There was a brilliant Canaletto exhibition at the Musee Jacquemart-Andre while we were there. Housed in a stunning building not far from the Arc de Triomphe this museum hosts some wonderful exhibits that are definitely worth a visit. Be warned though, the popular exhibitions can attract long queues and they limit the number of viewers at any time. This can be a little frustrating when it is cold outside, but if you enjoy your art it will be worth the wait.
Arc de Triomphe
Another famous landmark of Paris that felt significantly different to the last time I visited. It took me a while of staring at this giant roundabout filled with traffic with this towering structure in the middle to realise what changed. The noise! There are no more beeping of the horns. Paris is a lot quieter on the roads these days. Before there was a cacophony of horns racing around the Arch, now there is just some questionable driving. Nevertheless, it is an impressive sight.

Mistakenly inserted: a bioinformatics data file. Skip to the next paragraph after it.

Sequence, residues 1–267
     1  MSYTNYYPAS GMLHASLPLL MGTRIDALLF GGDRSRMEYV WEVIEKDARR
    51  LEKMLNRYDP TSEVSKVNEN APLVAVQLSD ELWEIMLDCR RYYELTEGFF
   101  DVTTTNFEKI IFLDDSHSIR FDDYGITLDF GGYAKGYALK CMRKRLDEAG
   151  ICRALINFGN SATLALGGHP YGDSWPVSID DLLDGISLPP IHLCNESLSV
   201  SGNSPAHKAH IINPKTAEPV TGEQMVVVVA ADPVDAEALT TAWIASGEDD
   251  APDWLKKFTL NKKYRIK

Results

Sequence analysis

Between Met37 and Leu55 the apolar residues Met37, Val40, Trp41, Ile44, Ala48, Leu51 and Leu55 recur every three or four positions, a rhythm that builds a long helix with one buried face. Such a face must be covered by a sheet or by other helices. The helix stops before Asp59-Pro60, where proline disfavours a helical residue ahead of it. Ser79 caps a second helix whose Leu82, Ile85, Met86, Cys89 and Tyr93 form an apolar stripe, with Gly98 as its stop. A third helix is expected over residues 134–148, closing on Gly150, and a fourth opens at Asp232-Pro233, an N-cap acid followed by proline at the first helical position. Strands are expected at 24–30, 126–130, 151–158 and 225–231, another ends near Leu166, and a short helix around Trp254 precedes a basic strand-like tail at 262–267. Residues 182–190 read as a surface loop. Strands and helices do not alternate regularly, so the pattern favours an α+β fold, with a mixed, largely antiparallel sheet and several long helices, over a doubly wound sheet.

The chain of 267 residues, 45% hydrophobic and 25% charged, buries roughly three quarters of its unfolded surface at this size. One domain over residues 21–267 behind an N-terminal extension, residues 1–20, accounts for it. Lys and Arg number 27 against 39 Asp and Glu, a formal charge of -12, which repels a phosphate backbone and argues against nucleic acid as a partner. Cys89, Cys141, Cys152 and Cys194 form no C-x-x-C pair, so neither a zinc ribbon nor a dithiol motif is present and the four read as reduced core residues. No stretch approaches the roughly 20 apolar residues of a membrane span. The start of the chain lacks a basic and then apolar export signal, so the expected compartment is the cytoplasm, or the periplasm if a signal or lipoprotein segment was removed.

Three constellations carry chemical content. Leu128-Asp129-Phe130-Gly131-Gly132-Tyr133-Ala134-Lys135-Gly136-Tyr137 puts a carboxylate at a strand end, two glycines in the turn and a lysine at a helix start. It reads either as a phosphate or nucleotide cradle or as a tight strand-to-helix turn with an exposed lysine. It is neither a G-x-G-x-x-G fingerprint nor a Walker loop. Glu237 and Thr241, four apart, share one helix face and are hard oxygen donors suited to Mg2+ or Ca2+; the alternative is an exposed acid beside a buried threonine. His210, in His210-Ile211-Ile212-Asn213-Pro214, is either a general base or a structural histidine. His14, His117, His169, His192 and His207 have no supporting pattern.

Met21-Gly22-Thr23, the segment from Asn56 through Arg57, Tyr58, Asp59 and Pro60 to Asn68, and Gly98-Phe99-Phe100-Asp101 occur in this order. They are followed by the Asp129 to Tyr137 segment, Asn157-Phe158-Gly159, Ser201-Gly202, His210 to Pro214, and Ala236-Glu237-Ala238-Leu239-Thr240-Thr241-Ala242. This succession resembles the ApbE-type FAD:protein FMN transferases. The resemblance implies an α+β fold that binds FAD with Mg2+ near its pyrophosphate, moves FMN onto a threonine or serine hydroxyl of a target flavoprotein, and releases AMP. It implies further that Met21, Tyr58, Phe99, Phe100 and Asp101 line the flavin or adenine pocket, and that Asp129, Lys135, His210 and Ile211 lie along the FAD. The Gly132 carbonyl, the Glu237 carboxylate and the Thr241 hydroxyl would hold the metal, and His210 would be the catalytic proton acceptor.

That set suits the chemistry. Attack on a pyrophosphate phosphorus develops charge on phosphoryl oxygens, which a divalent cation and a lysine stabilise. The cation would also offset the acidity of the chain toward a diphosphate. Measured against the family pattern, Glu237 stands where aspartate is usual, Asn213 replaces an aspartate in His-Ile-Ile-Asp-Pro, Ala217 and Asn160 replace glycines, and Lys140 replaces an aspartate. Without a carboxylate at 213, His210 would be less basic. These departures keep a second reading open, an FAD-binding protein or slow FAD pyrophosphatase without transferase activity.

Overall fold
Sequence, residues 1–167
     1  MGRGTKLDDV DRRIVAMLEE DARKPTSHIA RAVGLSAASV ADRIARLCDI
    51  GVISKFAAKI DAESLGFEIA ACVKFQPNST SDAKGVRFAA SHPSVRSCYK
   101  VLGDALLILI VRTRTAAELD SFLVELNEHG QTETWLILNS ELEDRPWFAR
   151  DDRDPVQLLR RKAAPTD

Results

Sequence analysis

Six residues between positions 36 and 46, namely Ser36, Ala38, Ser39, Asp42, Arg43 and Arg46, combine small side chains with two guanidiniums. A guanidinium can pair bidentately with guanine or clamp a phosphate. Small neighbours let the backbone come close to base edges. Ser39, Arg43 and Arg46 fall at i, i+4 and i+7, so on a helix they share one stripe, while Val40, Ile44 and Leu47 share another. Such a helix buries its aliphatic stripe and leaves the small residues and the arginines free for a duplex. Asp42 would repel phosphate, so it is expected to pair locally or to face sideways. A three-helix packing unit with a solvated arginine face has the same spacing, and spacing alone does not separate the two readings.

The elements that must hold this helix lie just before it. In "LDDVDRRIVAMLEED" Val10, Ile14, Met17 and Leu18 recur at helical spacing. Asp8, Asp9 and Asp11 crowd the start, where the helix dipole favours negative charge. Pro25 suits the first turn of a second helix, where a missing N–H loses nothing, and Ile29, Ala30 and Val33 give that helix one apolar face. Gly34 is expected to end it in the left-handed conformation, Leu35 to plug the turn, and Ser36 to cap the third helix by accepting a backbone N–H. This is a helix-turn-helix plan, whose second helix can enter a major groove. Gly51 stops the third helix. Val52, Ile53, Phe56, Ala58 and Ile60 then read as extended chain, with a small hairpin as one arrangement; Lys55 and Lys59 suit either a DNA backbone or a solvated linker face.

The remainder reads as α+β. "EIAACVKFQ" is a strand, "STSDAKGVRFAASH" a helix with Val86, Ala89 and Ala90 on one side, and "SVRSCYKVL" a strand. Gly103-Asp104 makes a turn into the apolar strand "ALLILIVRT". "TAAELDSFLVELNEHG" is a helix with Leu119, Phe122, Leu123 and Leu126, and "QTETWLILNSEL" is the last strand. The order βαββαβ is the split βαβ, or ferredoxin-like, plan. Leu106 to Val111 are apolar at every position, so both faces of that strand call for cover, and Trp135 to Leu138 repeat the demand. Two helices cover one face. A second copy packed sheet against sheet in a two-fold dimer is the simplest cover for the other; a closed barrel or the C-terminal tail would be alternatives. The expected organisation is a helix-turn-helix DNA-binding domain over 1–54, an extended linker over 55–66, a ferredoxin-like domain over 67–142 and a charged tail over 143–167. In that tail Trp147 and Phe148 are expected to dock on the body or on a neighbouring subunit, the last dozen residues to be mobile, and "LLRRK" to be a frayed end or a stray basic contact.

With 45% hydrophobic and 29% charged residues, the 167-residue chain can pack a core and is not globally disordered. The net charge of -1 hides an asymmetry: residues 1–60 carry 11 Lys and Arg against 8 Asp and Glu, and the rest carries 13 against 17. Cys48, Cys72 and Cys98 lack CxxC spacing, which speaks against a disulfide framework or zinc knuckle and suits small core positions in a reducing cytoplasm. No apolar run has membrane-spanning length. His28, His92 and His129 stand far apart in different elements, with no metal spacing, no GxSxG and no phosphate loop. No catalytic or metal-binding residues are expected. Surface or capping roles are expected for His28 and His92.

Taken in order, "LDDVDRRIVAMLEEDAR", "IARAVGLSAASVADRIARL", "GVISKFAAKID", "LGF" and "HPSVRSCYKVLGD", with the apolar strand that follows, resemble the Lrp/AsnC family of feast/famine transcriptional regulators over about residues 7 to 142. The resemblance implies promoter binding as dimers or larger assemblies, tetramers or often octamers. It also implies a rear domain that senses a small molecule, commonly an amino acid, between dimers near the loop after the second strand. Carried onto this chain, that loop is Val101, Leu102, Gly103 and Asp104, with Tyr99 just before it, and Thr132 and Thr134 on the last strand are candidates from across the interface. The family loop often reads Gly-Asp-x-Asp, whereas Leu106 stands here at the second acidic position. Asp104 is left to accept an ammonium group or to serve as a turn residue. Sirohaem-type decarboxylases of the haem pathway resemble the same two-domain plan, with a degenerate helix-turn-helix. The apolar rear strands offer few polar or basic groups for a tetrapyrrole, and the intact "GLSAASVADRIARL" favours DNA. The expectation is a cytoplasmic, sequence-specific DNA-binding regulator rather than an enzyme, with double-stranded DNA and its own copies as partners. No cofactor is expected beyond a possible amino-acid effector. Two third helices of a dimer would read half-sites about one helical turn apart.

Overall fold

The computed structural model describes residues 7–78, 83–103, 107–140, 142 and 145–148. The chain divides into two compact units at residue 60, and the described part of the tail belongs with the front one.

I think I ate French macaroons every day that I was in Paris. I was totally won over by the myriad of colours and flavours for this meringue-ganache confectionery. So, of course, we had to visit the birthplace of the French Macaroon, Ladurée on the Champs-Élysées. The façade is decorative. The tea room and shop inside of splendid. The queue outside is long. But it moves.
We were so tempted by the tearooms but were sadly at the end of our budget by this time. So we took our place in the queue and marvelled at the intricacies of the décor of this famous patisserie. The macaroons are delicious and the famous boxes feel like such a treat to hold. I am totally won over by the brand and their products. French macaroons are rad. Yep.
Like most European cities this is just the tip of the iceberg. There is so much architecture, culture, art, food and landmarks to see. It is great to let yourself get lost and stumble across interesting sights along the way. But Paris is every bit as wonderful as you expect it to be. I highly recommend a visit!